I will talk more about this (boken) later, but key philosophy for weapons training can be seen in lesson 3. I am not a master for swordsmanship (of course) and I don’t claim to be.The important thing that I can teach is is the ATTITUDE that is parallel between weapons training and karate. The point, as I understand it, of learning weapons training in Kyokushin-kan is 1. to improve stances and 2. to return an attitude of lethality to karate training. In other words, with face-punches, the karateka should start to remember that this stuff is DANGEROUS. We all walk away from tournaments; but we might not from real self-defense situations. This is shown nowhere as clearly as it is when training with weapons (because weapons are much more clearly lethal than kicks and punches). So, the important thing here is to set one’s mind to the fact that “this is lethal” and “my life depends on this.” Hence, I caution my students (in the video above) against making this an arbitrary motion; “Consider that this is a motion with which you will take someone else’s life!” I tell them. “And if you don’t, that person will take yours!”
Lesson 7 What have you got so far?
Well, if you’re working on this Tech Committee material, so far you’ve got:
1. Taikyoku 1 in Detail (lesson 4)
3. 15 or 20 minutes of basic Ikken practice. (lesson 2)
4. A white-belt level introduction to head-punches and drills to create those necessary reflexes to defend from head punches. (lesson 2)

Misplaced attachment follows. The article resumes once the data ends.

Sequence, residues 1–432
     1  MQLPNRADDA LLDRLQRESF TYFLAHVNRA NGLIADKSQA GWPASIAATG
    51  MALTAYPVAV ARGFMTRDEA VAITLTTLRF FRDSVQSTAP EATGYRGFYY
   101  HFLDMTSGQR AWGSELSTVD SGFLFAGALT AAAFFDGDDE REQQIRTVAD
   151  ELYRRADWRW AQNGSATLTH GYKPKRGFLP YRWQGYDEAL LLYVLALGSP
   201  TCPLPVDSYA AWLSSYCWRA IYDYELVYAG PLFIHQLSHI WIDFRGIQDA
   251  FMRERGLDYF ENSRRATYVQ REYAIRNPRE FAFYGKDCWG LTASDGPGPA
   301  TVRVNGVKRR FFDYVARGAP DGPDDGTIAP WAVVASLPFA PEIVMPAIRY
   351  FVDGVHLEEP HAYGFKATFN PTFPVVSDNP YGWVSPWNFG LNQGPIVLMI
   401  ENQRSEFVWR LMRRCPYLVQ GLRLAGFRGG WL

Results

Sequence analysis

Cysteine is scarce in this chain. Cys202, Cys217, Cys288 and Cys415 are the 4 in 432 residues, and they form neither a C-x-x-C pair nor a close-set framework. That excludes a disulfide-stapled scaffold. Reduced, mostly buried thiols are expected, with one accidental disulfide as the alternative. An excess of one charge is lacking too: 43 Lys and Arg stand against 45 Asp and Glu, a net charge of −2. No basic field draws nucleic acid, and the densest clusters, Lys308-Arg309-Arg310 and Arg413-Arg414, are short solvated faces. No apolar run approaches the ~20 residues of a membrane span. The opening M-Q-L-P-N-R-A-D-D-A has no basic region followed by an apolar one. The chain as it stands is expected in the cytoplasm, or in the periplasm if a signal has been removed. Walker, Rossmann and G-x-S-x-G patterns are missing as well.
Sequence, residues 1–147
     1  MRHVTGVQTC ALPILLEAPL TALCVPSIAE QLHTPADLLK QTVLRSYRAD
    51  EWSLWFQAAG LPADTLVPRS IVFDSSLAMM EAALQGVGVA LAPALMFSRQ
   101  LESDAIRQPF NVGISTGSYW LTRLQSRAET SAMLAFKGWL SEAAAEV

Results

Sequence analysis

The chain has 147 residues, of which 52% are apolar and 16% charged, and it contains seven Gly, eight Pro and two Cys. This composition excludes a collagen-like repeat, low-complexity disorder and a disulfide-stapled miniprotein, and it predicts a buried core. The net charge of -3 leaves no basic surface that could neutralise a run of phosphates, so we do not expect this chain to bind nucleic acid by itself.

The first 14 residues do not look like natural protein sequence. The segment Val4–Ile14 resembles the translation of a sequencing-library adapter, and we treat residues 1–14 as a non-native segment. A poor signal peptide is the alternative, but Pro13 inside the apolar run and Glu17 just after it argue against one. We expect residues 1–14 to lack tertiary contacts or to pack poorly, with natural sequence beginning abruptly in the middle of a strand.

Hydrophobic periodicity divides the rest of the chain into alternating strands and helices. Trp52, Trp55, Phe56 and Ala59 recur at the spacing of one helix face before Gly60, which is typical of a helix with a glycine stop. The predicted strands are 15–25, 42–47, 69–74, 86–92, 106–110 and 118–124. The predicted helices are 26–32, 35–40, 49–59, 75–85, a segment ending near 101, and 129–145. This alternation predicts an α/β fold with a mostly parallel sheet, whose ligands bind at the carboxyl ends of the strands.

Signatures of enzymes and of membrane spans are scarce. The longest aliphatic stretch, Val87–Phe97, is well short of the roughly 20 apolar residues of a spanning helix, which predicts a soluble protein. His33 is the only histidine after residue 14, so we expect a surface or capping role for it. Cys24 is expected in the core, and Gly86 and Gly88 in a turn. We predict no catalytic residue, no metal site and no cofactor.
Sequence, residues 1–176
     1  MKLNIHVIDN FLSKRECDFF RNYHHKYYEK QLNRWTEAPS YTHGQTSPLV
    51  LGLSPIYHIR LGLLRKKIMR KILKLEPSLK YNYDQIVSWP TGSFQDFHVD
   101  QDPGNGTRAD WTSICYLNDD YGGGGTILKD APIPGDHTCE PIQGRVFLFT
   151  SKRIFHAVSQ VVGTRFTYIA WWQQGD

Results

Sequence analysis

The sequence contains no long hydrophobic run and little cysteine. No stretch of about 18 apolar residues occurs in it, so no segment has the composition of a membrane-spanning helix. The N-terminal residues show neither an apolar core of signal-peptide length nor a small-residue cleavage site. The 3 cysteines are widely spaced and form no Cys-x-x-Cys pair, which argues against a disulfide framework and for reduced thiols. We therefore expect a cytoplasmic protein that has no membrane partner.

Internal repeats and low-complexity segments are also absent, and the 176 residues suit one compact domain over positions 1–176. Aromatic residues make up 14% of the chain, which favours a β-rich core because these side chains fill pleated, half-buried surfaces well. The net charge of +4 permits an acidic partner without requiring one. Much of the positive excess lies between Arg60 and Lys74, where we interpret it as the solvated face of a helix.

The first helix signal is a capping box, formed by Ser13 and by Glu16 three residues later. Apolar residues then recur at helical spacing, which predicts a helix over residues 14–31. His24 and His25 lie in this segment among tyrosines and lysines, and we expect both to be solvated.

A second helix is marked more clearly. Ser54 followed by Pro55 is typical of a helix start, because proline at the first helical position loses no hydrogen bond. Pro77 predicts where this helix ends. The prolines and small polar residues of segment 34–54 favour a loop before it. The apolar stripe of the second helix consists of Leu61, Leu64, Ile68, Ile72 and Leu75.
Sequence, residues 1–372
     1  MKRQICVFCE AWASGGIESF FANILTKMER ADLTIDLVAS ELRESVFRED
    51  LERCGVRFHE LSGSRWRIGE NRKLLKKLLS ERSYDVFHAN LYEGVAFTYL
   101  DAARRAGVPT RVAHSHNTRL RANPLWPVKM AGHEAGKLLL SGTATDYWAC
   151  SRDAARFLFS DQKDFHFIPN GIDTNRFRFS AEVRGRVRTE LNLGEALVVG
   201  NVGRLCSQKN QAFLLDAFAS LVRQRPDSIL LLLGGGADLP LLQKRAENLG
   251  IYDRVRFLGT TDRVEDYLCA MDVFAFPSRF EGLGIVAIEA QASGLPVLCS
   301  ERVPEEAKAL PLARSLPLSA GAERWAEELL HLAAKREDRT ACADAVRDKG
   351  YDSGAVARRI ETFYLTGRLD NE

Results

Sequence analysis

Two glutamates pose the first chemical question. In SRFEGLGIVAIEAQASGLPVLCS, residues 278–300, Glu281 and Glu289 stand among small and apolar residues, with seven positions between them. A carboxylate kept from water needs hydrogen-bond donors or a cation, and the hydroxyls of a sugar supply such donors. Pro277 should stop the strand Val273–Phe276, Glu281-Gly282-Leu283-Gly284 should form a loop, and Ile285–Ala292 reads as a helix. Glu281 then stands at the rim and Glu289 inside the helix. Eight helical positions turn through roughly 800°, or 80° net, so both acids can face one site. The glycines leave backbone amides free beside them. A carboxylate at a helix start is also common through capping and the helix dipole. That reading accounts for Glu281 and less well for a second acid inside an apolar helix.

5. An introduction to Kyokushin-Kan’s weapons philosophy. (lesson 3)
6. Basic, white-belt level, introduction to tonfa kumite drills. (lesson 3)
7. And Bo Kihon in Detail (lesson 5)
9. And Taikyoku Kata with Sai and Tonfa. (lesson 6)
10. The importance of Continuing Training for the Aging Karateka (lesson 6)
11. And New: An Introduction to Pinan Bunkai (lesson 7) and Basic Boken
Please practice this material, and remember concepts are meant to be learned, but drills are meant to be replicated.
North American Kyokushin-Kan Technical Committee Team and Seminar Guidelines (Proposed)
Participation was always meant to be optional and flexible, not required. Kancho Royama at this point is asking that every branch participate, but it is my understanding that it is a request not an order. Clearly, we are starting to have strong unity in our domestic organization. I do believe that the way to extend that unity from our domestic organization to our international one, is to participate in this program. To do so IS to support our domestic leadership.
NA Kyokushin-Kan Technical Committee Member: Black belt members of technical committee teams.